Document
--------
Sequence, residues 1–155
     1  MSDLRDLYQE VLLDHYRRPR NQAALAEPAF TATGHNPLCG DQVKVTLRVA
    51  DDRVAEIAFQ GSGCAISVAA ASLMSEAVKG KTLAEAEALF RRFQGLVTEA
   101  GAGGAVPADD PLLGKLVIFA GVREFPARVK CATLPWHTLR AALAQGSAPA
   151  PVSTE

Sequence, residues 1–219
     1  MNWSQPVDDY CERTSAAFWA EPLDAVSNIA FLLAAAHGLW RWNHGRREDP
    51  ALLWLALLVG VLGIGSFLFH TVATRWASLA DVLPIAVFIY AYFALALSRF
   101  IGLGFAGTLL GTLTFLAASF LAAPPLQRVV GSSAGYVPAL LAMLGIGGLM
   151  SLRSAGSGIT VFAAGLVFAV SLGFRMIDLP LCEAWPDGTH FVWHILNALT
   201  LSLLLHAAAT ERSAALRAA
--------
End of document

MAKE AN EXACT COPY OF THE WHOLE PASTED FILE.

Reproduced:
Sequence, residues 1–155
     1  MSDLRDLYQE VLLDHYRRPR NQAALAEPAF TATGHNPLCG DQVKVTLRVA
    51  DDRVAEIAFQ GSGCAISVAA ASLMSEAVKG KTLAEAEALF RRFQGLVTEA
   101  GAGGAVPADD PLLGKLVIFA GVREFPARVK CATLPWHTLR AALAQGSAPA
   151  PVSTE

Sequence, residues 1–219
     1  MNWSQPVDDY CERTSAAFWA EPLDAVSNIA FLLAAAHGLW RWNHGRREDP
    51  ALLWLALLVG VLGIGSFLFH TVATRWASLA DVLPIAVFIY AYFALALSRF
   101  IGLGFAGTLL GTLTFLAASF LAAPPLQRVV GSSAGYVPAL LAMLGIGGLM
   151  SLRSAGSGIT VFAAGLVFAV SLGFRMIDLP LCEAWPDGTH FVWHILNALT
   201  LSLLLHAAAT ERSAALRAA